I first looked for teachers at the local circus school, we have a pretty strong one. But we worked with them for a couple of months and did not agree, so I sent several students to study in Yekaterinburg at my own expense - so that they could conduct classes. nine0003
I spent on the introduction of a new direction
The introduction of new directions cost 44,000 R: 38,000 R was spent on canvases, anchors and rings, another 6,000 R were spent on teaching teachers.
Children's dance school and missed grant
My students and parents of former students regularly asked to open dance classes for children: variety dances, stretching, modern choreography.
This would help expand the business and reach a different part of the audience. I knew for sure that the project would be successful: I had already worked as a choreographer with children aged 6-7, I had a reputation and potential clients. nine0003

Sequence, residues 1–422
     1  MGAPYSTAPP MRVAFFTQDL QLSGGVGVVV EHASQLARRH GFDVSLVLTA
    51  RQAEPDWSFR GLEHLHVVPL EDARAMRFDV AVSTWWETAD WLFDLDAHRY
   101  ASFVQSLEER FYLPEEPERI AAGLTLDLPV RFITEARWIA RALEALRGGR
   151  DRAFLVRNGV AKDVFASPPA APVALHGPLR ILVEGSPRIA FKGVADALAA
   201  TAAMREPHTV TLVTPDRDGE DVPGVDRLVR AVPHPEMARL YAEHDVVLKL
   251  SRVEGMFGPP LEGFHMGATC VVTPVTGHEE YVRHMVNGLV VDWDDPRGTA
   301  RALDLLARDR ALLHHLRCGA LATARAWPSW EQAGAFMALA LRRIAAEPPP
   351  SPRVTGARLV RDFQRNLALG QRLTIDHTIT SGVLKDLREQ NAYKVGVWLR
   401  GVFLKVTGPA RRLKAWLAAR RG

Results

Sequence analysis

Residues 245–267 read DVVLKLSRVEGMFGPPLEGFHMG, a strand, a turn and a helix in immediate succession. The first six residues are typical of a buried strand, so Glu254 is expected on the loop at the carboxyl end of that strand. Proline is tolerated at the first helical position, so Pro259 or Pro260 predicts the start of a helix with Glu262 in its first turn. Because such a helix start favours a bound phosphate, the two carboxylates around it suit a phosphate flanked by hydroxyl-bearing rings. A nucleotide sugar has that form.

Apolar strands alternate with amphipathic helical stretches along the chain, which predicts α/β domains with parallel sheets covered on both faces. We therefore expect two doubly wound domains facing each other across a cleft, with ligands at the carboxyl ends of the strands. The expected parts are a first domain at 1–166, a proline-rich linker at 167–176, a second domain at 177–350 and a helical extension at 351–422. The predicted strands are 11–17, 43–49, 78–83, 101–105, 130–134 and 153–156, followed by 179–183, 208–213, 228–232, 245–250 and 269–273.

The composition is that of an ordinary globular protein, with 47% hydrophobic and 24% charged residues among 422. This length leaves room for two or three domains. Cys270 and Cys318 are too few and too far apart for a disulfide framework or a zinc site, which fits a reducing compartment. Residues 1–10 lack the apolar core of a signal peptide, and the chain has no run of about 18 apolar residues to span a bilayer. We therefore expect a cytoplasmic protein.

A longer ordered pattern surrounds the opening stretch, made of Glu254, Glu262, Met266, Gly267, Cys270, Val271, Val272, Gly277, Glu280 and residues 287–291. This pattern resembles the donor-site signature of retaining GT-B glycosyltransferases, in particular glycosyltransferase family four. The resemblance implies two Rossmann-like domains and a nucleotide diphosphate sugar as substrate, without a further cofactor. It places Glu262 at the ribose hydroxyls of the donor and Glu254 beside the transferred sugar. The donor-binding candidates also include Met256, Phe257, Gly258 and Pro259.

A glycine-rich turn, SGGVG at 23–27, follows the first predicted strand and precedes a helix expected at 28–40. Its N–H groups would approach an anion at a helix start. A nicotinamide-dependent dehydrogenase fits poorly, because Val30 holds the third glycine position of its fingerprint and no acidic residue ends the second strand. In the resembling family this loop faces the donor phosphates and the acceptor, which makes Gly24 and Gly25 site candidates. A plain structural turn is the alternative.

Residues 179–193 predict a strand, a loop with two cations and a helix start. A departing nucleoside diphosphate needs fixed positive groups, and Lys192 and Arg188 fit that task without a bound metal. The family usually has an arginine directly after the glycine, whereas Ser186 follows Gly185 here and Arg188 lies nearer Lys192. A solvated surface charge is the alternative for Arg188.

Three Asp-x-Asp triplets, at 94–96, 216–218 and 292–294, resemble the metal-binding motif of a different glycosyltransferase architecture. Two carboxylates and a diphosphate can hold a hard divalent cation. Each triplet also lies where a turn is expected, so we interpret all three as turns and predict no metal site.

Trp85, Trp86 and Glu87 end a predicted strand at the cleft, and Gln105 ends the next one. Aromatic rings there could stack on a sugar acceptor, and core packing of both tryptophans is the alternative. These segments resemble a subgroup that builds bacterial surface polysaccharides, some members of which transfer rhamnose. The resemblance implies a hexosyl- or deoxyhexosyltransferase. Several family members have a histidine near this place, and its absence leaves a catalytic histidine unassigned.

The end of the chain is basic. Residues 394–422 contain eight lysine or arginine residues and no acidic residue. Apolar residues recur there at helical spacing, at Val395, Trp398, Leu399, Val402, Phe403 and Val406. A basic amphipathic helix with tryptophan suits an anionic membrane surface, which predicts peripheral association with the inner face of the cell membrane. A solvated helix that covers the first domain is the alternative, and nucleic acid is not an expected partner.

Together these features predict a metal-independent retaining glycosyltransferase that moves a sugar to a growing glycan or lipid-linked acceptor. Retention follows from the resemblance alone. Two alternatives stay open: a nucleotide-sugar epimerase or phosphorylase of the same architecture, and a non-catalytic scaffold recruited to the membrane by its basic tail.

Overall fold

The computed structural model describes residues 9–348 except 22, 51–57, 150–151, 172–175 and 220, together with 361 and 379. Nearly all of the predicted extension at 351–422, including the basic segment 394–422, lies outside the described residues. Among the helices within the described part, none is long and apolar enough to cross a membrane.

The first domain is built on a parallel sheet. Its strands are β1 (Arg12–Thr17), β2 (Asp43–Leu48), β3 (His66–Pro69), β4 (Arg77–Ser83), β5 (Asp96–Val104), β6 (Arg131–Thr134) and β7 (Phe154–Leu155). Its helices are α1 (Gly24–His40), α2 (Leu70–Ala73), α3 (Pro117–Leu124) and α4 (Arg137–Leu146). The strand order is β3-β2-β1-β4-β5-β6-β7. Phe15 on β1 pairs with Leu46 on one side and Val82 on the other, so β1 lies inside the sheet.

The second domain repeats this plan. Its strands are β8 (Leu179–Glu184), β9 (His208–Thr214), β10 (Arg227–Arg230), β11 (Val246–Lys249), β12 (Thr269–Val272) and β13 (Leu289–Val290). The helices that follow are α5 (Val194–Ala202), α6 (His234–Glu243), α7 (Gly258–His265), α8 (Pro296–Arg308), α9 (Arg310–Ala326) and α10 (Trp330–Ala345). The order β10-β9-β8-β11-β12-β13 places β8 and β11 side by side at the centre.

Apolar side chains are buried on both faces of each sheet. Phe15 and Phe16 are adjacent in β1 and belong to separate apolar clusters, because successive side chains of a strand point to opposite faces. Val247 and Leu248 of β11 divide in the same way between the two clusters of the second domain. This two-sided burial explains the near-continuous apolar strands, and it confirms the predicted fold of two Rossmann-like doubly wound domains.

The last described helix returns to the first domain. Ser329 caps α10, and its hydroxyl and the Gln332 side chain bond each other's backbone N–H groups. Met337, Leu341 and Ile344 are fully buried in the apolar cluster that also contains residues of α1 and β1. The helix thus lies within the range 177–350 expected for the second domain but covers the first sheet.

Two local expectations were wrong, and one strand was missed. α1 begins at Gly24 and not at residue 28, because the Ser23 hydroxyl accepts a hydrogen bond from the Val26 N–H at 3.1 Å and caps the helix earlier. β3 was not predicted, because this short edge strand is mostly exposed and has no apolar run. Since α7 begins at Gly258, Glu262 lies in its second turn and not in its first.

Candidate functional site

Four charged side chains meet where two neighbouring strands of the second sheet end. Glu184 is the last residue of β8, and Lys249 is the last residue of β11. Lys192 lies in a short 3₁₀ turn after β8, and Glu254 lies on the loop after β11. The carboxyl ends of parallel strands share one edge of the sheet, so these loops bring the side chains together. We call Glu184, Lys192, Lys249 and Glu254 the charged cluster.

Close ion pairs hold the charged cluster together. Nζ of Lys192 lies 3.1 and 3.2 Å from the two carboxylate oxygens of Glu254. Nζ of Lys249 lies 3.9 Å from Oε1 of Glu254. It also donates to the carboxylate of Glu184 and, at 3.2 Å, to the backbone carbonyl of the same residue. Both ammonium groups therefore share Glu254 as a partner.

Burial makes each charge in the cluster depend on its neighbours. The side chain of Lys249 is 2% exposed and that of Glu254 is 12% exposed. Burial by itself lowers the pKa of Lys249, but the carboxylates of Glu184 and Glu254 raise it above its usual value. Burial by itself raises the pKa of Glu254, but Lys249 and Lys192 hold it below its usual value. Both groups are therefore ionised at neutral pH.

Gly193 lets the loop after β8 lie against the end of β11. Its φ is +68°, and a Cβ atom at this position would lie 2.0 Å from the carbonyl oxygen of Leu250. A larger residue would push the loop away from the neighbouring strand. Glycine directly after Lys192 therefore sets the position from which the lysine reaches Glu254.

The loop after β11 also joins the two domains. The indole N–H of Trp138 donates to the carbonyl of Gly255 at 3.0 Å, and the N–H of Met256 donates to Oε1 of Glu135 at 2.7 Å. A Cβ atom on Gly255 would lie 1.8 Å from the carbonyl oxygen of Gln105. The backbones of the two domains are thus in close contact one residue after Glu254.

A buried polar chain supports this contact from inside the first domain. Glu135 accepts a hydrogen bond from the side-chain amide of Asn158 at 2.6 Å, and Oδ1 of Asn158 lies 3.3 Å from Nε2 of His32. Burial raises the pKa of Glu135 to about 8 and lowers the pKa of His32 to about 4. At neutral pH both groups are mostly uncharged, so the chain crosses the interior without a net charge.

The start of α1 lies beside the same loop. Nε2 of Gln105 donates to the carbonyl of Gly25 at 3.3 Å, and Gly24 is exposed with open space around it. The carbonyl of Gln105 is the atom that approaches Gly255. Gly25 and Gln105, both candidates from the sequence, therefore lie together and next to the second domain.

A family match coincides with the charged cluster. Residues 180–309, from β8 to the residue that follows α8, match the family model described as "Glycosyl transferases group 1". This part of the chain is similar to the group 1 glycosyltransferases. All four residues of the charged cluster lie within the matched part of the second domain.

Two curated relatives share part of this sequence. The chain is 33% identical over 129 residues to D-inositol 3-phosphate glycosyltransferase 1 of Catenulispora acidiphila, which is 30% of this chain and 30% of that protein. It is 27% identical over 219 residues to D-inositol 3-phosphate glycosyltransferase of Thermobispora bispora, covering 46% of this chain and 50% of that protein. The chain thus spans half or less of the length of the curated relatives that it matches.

There was no free money to create a children's school, so I decided to look for a grant and found a suitable one - the competition of the Entrepreneurship Fund. To participate in it, one had to take courses and defend a business plan.
I did not learn anything new during the courses, since I already had an economic education. The next step was to write a business plan and submit an application. I asked for money not just for a children's school, but for business development.
I collected a package of documents: statutory documents, certificates of no debts to government agencies, a certificate of completion of courses, several questionnaires from the foundation itself, a business plan and checks confirming the costs of the project - 15% of the requested amount. nine0003
I got to the children's dance school